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Katja Friedrich, Urs Germann, and Pierre Tabary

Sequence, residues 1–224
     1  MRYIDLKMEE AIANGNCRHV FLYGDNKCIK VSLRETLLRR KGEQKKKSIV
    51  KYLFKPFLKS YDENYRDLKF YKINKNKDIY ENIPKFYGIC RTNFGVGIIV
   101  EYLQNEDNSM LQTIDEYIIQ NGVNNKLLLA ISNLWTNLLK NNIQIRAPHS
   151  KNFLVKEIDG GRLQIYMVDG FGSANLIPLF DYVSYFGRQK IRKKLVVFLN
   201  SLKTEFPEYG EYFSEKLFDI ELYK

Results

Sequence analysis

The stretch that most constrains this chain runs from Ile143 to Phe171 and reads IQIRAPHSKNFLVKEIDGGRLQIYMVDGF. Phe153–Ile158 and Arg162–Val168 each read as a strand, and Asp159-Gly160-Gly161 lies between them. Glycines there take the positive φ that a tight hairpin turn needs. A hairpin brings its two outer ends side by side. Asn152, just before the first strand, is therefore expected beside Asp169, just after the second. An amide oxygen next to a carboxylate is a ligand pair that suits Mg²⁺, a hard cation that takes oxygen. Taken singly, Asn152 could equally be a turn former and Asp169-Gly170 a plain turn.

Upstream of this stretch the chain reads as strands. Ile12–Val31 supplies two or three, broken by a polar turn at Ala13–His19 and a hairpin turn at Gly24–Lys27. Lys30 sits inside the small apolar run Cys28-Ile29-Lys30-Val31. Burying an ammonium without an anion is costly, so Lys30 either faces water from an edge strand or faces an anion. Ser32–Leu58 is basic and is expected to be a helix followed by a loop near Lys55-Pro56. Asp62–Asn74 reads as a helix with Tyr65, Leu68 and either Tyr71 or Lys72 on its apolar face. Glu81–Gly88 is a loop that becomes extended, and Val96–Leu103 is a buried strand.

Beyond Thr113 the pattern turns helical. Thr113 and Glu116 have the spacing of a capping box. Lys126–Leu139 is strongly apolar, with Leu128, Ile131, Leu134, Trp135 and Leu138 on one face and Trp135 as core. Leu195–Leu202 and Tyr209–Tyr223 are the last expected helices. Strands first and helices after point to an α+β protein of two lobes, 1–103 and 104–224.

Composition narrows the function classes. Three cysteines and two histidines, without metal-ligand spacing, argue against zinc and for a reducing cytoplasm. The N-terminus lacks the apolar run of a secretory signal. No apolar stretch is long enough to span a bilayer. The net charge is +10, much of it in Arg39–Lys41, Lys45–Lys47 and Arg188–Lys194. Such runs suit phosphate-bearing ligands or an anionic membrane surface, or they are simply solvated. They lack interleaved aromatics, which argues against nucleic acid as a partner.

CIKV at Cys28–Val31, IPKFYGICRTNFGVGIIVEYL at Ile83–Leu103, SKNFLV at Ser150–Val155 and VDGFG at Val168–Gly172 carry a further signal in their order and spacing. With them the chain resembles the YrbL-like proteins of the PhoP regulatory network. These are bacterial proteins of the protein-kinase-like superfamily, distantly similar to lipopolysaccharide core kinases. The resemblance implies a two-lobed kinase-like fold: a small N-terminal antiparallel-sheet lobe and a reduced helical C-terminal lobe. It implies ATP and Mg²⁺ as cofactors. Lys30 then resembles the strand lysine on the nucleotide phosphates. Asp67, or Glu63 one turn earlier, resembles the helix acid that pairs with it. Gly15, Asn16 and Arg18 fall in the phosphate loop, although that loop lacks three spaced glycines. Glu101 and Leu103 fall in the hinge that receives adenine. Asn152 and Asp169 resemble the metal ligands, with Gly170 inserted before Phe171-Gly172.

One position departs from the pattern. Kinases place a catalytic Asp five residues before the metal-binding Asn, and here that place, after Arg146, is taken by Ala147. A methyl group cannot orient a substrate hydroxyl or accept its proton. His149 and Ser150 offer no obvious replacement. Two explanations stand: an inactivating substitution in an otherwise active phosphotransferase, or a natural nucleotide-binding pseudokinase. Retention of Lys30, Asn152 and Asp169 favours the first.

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The influence of ground clutter contamination on the estimation of polarimetric radar parameters, horizontal reflectivity (Zh), differential reflectivity (Z dr), correlation coefficient (ρ hυ), and differential propagation phase (ϕ dp) was examined. This study aims to derive the critical level of ground clutter contamination for Zh, Z dr, ρ hυ, and ϕ dp at which ground clutter influence exceeds predefined precision thresholds. Reference data with minimal ground clutter contamination consist of eight precipitation fields measured during three rain events characterized by stratiform and convective precipitation. Data were collected at an elevation angle of 0.8° by the Météo-France operational, polarimetric Doppler C-band weather radar located in Trappes, France, ∼30 km southwest of Paris. Nine different ground clutter signatures, ranging from point targets to more complex signatures typical for mountain ranges or urban obstacles, were added to the precipitation fields. This is done at the level of raw in-phase and quadrature component data in the two polarimetric channels. For each ground clutter signature, 30 simulations were conducted in which the mean reflectivity of ground clutter within the resolution volume varied between being 30 dB higher to 30 dB lower than the mean reflectivity of precipitation. Differences in Zh, Z dr, ρυ, and ϕ dp between simulation and reference were shown as a function of ratio between ground clutter and precipitation intensities.